There are two well-known L-functions attached to Siegel modular forms of degree two. These are the Spin and the standard L-function. They have been studied by Andrianov, Böcherer, Shimura, and others. Other L-functions associated to degree two modular forms include the adjoint L-function (degree 10), and two others (degree 14 and degree 16).

The Spin L-function is of particular interest in the cases of paramodular forms of level t and weight k. Examples of paramodular forms can be made using the Gritsenko lift, a generalization of the Saito-Kurokawa lifting. The Gritsenko lift is actually a map defined on Jacobi forms, but it may also be considered a lift of classical newforms \mathcal{S}_{2k-2}^{new-}(\Gamma_0(t)), where the space \mathcal{S}_{2k-2}^{new-}(\Gamma_0(t)) consists of newforms such that the sign in the functional equation of their L-function is -1. Skoruppa and Zagier defined an isomorphism from the space J_{k,t}^{cusp, new} of cuspidal Jacobi newforms to \mathcal{S}_{2k-2}^{new-}(\Gamma_0(t)). So one takes a classical newform in the “minus space,” maps it to the space of Jacobi forms using the inverse of the Skoruppa-Zagier map, then lifts it with the Gritsenko lift to the space of paramodular forms S_k(K(t)). We will also call the composition of these two maps the Gritsenko lift.

Euler factors of the Spin L-function for paramodular forms of square-free level t=N were computed by Schmidt using representation theoretic methods. At the time of his paper, the local Langlands correspondence for GSp(4) was unverified, but Gan and Takeda have since proven its existence and so Schmidt’s results hold. He had shown that for f\in \mathcal{S}_{2k-2}^{new-}(\Gamma_0(N)), the lifting produces a cusp form F\in S_k(K(N)) of degree 2 whose completed Spin L-function is given by

L(s,F, {\rm spin})=\dfrac{1}{4\pi}\left(s-\dfrac{1}{2}\right)Z\left(s+\dfrac{1}{2}\right)Z\left(s-\dfrac{1}{2}\right)L(s,f)

where Z is the completed Riemann zeta function. Moreover, this lifting preserves the Atkin-Lehner eigenvalues, i.e., \eta_pF=\varepsilon_pF for every prime p.

Schmidt also determined the local components of the automorphic representation \pi_f associated to a classical newform f\in\mathcal{S}_{2k-2}^{new-}(\Gamma_0(N)). Moreover, he explained that the Gritsenko lift and similar lifts are predicted by Langlands functoriality. Schmidt also computed the Euler factors of the Spin L-function for the space of paramodular forms of square-free level that are lifts using representation theoretic methods since the lift is functorial. Schmidt and Roberts later determined the possible Euler factors of any paramodular representation, but precise information for the non-square-free level case remained unknown.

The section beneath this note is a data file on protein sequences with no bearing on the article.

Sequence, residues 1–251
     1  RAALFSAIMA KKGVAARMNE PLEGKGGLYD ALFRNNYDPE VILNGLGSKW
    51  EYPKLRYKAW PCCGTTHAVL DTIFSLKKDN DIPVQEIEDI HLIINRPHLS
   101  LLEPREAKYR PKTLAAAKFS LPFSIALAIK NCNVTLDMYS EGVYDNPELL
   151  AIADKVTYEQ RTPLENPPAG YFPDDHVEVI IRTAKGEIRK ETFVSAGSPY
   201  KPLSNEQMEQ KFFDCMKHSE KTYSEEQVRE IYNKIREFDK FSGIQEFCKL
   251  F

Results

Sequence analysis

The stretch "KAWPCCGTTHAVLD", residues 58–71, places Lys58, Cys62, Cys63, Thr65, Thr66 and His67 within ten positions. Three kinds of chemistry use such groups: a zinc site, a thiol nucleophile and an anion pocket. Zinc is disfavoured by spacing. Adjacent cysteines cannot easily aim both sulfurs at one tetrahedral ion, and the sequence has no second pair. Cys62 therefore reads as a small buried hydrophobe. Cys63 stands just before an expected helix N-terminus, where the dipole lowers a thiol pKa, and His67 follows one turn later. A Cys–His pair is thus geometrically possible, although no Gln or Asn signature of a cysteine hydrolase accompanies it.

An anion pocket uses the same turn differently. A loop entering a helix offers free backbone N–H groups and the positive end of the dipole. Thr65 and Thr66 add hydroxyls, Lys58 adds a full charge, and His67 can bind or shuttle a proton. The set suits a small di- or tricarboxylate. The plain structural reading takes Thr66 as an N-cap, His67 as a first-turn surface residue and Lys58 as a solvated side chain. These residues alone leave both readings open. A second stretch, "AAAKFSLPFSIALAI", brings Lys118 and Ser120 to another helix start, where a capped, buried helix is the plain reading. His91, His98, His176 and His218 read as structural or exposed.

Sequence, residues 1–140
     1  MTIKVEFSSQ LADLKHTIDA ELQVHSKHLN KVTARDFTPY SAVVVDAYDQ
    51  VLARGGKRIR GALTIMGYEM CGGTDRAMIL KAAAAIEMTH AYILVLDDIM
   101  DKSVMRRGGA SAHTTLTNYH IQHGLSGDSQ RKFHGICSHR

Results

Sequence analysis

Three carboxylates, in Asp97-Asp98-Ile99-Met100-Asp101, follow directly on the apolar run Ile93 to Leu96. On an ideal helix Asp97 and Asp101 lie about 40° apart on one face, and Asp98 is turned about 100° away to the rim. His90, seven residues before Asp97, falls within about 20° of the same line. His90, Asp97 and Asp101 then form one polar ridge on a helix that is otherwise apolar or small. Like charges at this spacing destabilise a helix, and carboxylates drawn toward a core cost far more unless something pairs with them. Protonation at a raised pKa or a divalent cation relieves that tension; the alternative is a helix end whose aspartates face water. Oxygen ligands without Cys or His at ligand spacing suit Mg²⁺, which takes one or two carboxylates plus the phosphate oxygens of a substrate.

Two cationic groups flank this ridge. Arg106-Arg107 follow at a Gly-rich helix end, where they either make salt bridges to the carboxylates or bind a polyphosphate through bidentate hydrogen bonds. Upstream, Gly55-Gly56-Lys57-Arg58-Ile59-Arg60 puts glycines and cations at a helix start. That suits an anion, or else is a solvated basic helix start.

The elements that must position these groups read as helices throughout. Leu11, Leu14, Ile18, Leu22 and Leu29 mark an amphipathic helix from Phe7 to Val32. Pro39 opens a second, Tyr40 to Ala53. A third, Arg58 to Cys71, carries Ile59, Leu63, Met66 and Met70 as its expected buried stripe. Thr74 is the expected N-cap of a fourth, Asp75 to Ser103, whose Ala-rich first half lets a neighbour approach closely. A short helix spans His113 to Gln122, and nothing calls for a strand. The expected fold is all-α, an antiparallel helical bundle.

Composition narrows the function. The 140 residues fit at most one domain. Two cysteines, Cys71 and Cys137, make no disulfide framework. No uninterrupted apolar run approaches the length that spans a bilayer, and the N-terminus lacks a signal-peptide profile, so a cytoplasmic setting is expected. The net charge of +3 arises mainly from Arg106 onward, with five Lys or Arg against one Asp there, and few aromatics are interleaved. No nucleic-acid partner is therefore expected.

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Consider the Lie group {\rm Sp}(6,\mathbb{R}) defined as

{\rm Sp}(6,\mathbb{R}) = \{g\in {\rm GL}(6,\mathbb{R}): {}^tgJg=J \},


J=\begin{bmatrix}  &&&&&1\\  &&&&1&\\  &&&1&&\\  &&-1&&&\\  &-1&&&&\\  -1&&&&&\\  \end{bmatrix}.

Its Lie algebra sp(6,\mathbb{R}) is the set of all 6\times 6 matrices X with real entries such that


A general element of sp(6,\mathbb{R}) is of the form

\begin{bmatrix}   a & b & c & d & e & f\\  g & h & i & j & k & e\\  l & m & n & o & j & d\\  p & q & r & -n & -i & -c\\  s & t & q & -m & -h & -b\\  u & s & p & -l & -g & -a\\  \end{bmatrix}

and so sp(6,\mathbb{R}) is a 21-dimensional real vector space. We would like to describe its root system.

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Let C be a smooth projective variety of genus g\leq3 over \mathbb{Q}. Arithmetic information about the curve is encoded in its L-function L(C,s). The conjectures of Birch and Swinnerton-Dyer about elliptic curves over \mathbb{Q} were generalized to arbitrary abelian varieties over number fields by John Tate.

In the case of hyperelliptic curves (genus 2 curves) over \mathbb{Q}, the first conjecture is that the order of vanishing of the L-function of the Jacobian at s=1 (the analytic rank) is equal to the Mordell-Weil rank of the Jacobian. The second is

\lim_{s\rightarrow1}(s-1)^{-r}L(J,s)=\Omega\cdot{\rm Reg}\cdot\prod_{p}c_p\cdot\# Ш (J,\mathbb{Q})\cdot(\# J(\mathbb{Q})_{\rm tors})^{-2}

where L(J,s) is the L-series of J and r is its analytic rank. \Omega denotes the integral over J(\mathbb{R}) of a certain differential 2-form, Reg is the regulator of J(\mathbb{Q}), c_p = \# J(\mathbb{Q}_p)/J^0(\mathbb{Q}) is the Tamagawa number, Ш(J,\mathbb{Q}) is the Tate-Shafarevich group of J over \mathbb{Q}, and J(\mathbb{Q})_{tors} is the torsion subgroup of J(\mathbb{Q}). Here, J^0(\mathbb{Q}) is the subgroup of the Jacobian isomorphic to \mathcal{J}^0(\mathbb{Z}_p), where \mathcal{J}^0 is the open subgroup scheme of the closed fiber of the Néron model of J over \mathbb{Z}_p

The L-series of the curve C is given as both an Euler product and a Dirichlet series.

L(C,s)=\prod_p L_p(p^{-s})^{-1}=\sum_{n=1}^\infty a_n n^{-s}.

If C has good reduction at the prime p, the factor in the Euler product at this prime is determined by a polynomial L_p(T) of degree 4. It appears in the local zeta function of the curve over the finite field \mathbb{F}_p of order p.